Posted in 2010-2019, Film Review

Avengers: Age of Ultron (2015)

Image rights belong to Marvel Studios and Walt Disney Studios Motion Pictures
Image rights belong to Marvel Studios and Walt Disney Studios Motion Pictures

Avengers: Age of Ultron – Film Review 

Cast: Robert Downey Jr, Chris Evans, Chris Hemsworth, Tom Hiddleston, Scarlett Johansson, Mark Ruffalo, Jeremy Renner, Samuel L. Jackson, Aaron Taylor-Johnson, Elizabeth Olsen, James Spader

Director:  Joss Whedon

Synopsis: When Tony Stark seeks to create a peacekeeping program around the world, he mistakenly creates the villainous Ultron who then seeks to bring humanity’s destruction, forcing the Avengers to suit up once more…

Review: How do you top the biggest superhero movie ever made? This was the challenge that faced Joss Whedon when it was announced that a sequel to 2012’s The Avengers was in the works. The first film smashed box office records and became the third highest grossing film of all time. It may have looked a daunting task for the man behind such shows as Buffy the Vampire Slayer and Firefly. As with The Avengers, Age of Ultron is the culmination of all the second phase of Marvel’s ever expanding universe, the phase that brought us a gun wielding raccoon and a talking tree let us not forget. and yet again, Marvel and Whedon have hit it right out of the park with this highly anticipated sequel that will set events in motion for Marvel’s upcoming phase three.  

As with a handful of Marvel’s Phase 2 movies, the tone of this sequel turns very dark almost right of the gate as the team are gunning for HYDRA and Loki’s sceptre from the first film, believing it may have something of significant value. Providing some sweet action scenes right out of the gate that are almost as good as anything that we saw in the first film. Super powerful shields are combined with almighty hammers that were forged in the heart of a dying star, is it little wonder that DC is struggling to compete, who needs Batman V Superman(!)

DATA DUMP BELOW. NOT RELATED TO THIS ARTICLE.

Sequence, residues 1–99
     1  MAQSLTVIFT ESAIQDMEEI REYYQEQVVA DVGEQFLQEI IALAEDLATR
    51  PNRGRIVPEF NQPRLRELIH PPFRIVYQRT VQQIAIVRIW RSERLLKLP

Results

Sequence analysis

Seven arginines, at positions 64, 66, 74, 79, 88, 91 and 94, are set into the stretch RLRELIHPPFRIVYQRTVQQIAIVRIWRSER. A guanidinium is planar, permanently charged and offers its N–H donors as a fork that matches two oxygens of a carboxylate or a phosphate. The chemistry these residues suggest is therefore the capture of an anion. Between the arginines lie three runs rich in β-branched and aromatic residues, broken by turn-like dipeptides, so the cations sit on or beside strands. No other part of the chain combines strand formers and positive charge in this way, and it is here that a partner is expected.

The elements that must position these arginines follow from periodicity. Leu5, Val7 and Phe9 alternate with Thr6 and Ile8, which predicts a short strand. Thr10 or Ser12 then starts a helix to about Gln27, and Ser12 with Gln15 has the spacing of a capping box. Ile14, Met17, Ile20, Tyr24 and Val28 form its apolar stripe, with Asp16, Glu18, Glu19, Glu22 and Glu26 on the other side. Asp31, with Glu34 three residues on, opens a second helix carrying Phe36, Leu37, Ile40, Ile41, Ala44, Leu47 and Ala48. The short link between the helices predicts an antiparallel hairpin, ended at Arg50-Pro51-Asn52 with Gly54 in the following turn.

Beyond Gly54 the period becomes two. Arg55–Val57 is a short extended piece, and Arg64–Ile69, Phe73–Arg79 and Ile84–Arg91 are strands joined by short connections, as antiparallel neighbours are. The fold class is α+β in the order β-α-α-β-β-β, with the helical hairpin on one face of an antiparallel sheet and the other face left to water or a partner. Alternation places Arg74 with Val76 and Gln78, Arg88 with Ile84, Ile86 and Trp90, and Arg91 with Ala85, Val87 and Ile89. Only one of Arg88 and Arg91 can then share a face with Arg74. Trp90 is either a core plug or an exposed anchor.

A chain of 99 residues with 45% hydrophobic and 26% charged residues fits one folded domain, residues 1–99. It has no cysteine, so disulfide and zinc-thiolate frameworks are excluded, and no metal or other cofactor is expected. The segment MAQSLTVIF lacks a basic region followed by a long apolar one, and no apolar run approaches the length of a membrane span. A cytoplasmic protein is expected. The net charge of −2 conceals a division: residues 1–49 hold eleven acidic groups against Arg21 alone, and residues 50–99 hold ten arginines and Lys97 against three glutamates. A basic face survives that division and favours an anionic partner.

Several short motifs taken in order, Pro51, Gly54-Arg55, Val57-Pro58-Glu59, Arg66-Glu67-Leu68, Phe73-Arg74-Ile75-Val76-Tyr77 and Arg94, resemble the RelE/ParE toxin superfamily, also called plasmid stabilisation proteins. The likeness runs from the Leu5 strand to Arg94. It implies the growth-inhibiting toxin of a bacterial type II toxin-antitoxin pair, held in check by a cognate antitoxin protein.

Through some discoveries, Tony Stark seeks to create a peace keeping programme ” a suit of armour around the world” as he calls it. Yet his plan goes awry as the being he creates is the villainous Ultron who seeks to obliterate the Avengers and mankind both. Thus drawing the team together once more to prevent Ultron from carrying out his evil intentions, and this time instead of one battle in New York City, the fight goes global and the ante and the stakes are upped considerably.

When the team met in the first movie, it certainly wasn’t sunshine and rainbows, they bickered and squabbled on almost anything they could, until they were forced to unite to save the world. Again the team has some internal conflict to deal, largely down to the addition of Scarlet Witch. Through her manipulative mind bending powers, she troubles each of the team with some less than pleasant visions of the future that create disharmony among the team. On top of this disharmony, the team have to take down Ultron, voiced excellently by James Spader. While Marvel has enjoyed dominance over DC for a number of years, the villains in the MCU, with the exceptions of Loki and The Winter Soldier, have on the whole been weak links. However this does not apply to Ultron. Through Spader’s excellent work, through every word he speaks he displays his utter contempt for humanity and desire to see us wiped off the map.